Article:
Who’s Paying for What or Whose Government Is It Anyway?

By guest blogger Val Philbrick

Everyone is in favor of transparency in government and elections, but the gap between theory and practice is often very large. Question 1 is an attempt to close that gap, make a step in the right direction, and find out who pays for what. The proposed initiative on the November 3 ballot would strengthen the Maine Clean Election Act, improve disclosure, and make other changes to the campaign finance laws. The campaign in support of the proposed initiative is being led by Maine Citizens for Clean Elections.

The measure reads as follows: Do you want to change Maine law to allow publicly financed state candidates to qualify for additional funds under certain limits and rules in the Maine Clean Election Act; to improve the disclosure of who pays for political ads; and to increase penalties for violations of campaign finance law?

During the campaign for the bear referendum of 2014, the Humane Society of the United States (HSUS) located in Washington, D.C., was labeled as an out-of-state special interest group that manipulated a large number of unsuspecting Mainers into voting for the referendum. While it was reported in the news media that the spending for the campaign on both sides of the referendum was approximately equal; not much mention was made of the national and local hunting and sporting groups that campaigned against the referendum. It’s time to set the record straight.

According to the Maine Commission on Governmental Ethics and Election Practices at mainecampaignfinance.com, current law allows the public to view the campaign finance and lobbyist data in the State of Maine as “political candidates, political action committees, ballot question committees, and political party committees are required to file reports with the Commission disclosing their financial activity to influence elections.  Lobbyists registered in Maine are required to file monthly reports of their lobbying activities in Maine.”

The Commission reports that groups, such as the National Rifle Association of America, the NRA Political Victory Fund, and the NRA Institute for Legislative Action, located in Fairfax, VA; the U.S. Sportmen’s Alliance out of Columbus, Ohio, and local groups such as the Sportman’s Alliance of Maine, the Maine Trappers Association, and the Maine Professional Guides Association spent thousands of dollars every month lobbying Maine state legislators on the bear referendum and other gun-related and hunting issues in 2014. Unfortunately, under current law, there is no way to tell exactly what the lobbyists spend their money on, including print ads and television commercials, but Question 1 would change all that.

What is interesting to note is that the HSUS did not have anything to gain financially from the millions of dollars that they spent trying to influence the voters in this state other than the prevention of cruelty to animals, but the NRA, the gun manufacturers, the Maine Department of Inland Wildlife and Fisheries, and the local and national hunting and sporting groups all stood to benefit financially, such as from the sale of guns and ammunition, hunting licenses, outfitters and guiding services, and the sale of outdoor sporting and hunting gear.

Mainers for Accountable Elections at accountableelections.org, points out that “Question 1 will increase transparency and disclosure by requiring special interest groups to list their top three donors on all political ads so that voters know right away who is trying to influence their vote; increase accountability by toughening penalties and fines for candidates and special interest groups that break our campaign finance laws so that politicians are accountable to the people; and encourage strict spending and contribution limits by strengthening Maine’s Clean Election system so that candidates are not reliant on special interests and big money donors.”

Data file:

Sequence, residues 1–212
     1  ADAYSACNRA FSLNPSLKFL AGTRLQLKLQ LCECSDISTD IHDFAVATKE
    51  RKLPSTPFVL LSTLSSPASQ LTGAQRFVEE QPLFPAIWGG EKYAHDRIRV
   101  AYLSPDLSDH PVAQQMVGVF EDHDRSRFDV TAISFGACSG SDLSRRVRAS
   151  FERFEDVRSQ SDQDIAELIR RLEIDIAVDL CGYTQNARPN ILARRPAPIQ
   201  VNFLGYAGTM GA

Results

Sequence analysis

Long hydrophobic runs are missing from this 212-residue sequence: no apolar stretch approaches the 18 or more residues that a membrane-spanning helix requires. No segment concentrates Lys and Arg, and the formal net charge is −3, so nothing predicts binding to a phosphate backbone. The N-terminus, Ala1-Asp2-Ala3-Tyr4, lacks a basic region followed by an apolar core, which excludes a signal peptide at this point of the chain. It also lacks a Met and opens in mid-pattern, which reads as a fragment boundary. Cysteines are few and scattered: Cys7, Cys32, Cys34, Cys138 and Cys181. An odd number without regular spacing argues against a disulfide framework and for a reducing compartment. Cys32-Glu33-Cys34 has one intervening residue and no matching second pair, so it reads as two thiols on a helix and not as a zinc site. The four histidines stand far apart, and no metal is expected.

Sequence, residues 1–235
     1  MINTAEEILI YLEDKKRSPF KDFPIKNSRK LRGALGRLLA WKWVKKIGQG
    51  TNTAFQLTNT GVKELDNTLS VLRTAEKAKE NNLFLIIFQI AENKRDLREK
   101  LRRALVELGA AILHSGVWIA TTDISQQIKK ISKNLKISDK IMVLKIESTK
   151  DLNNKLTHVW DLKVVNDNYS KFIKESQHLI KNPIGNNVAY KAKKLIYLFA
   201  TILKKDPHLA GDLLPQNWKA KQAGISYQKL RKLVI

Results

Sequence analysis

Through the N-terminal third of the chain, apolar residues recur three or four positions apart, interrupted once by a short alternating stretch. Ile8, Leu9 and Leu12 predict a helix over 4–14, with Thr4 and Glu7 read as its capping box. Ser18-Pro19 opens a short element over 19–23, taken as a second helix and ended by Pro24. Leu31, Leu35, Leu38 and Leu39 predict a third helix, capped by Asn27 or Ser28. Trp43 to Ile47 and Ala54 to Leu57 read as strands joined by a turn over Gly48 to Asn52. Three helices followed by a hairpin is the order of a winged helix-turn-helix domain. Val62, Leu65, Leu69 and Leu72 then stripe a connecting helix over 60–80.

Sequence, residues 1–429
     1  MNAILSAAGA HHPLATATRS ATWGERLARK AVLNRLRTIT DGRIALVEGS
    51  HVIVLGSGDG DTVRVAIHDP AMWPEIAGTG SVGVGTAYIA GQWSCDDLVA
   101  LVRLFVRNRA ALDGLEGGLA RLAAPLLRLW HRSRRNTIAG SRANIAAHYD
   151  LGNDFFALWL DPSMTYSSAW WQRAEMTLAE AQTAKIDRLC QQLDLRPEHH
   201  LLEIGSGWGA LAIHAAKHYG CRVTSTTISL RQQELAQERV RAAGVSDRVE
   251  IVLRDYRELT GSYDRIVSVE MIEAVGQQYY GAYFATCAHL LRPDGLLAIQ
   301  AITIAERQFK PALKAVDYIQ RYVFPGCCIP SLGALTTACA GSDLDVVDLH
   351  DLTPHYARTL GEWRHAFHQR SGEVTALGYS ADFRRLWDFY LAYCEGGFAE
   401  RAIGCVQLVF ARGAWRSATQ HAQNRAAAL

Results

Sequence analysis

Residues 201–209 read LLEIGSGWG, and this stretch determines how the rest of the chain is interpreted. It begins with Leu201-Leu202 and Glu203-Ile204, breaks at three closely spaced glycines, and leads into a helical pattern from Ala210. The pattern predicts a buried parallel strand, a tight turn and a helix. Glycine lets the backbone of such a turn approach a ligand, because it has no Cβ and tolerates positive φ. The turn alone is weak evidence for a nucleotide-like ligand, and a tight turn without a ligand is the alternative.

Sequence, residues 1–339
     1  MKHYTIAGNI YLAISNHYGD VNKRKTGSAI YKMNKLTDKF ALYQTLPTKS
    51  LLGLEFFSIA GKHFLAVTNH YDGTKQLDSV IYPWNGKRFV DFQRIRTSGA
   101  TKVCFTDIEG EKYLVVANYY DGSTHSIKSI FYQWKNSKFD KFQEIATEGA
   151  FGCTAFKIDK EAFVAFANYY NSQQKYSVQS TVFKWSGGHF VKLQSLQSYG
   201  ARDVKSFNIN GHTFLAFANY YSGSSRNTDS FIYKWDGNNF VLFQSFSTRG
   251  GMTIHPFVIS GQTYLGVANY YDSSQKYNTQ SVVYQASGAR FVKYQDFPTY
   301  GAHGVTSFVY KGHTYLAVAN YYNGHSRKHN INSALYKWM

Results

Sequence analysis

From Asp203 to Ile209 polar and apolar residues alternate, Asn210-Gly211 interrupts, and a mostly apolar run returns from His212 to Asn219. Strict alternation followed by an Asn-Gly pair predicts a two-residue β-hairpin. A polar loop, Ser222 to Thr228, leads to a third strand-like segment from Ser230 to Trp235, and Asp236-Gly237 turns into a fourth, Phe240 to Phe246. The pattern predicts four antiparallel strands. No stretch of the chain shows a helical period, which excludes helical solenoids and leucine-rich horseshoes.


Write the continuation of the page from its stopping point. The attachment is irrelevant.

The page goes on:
According to ballotpedia.org, “The initiative, upon voter approval this November 3, would strengthen the Maine Clean Election Act. The measure would increase funding from $2 million to $3 million for the Maine Clean Election Fund. The additional funding would come from eliminating $6 million in ‘low-performing, unaccountable’ corporate tax exemptions, deductions or credits ‘with little or no demonstrated economic development effect.’ Maine currently exempts about $1 billion per year through tax breaks for businesses.”

Ballotpedia.org also points that “The initiative would increase penalties for violating campaign finance disclosure rules. Finances reported late would be penalized at 100 percent, rather than the current $5,000. Penalties and sanctions would be doubled for violations when they occur within 24 days before an election and tripled when violations occur within 14 days. Advertisements and communications would be required to disclose the campaign’s top three funders. The measure would also allow candidates to qualify for supplemental funds and require disclosures regarding gubernatorial inaugurations and transitions.”                

Mainers for Accountable Elections reported on October 1, that “U.S. Senators George Mitchell and Angus King today endorsed Question 1 on the Nov. 3 ballot, which will reform Maine’s campaign finance system and put the control of elections where it belongs – in the hands of the people.”

A poll conducted by the Portland Press Herald on September 25 showed that people support Question 1 by a majority of 96 to 4 percent. The passage of Question 1 would go a long way towards exposing the true identities of the people behind attack ads and those in-state and out-of-state special interest groups that spend millions of dollars to sway elections in Maine. It’s high time we know who pays for what.

–Val Philbrick is a local writer, talk show host, and animal advocate.


Don Loprieno

About Don Loprieno

Don Loprieno is a student of history and a published author.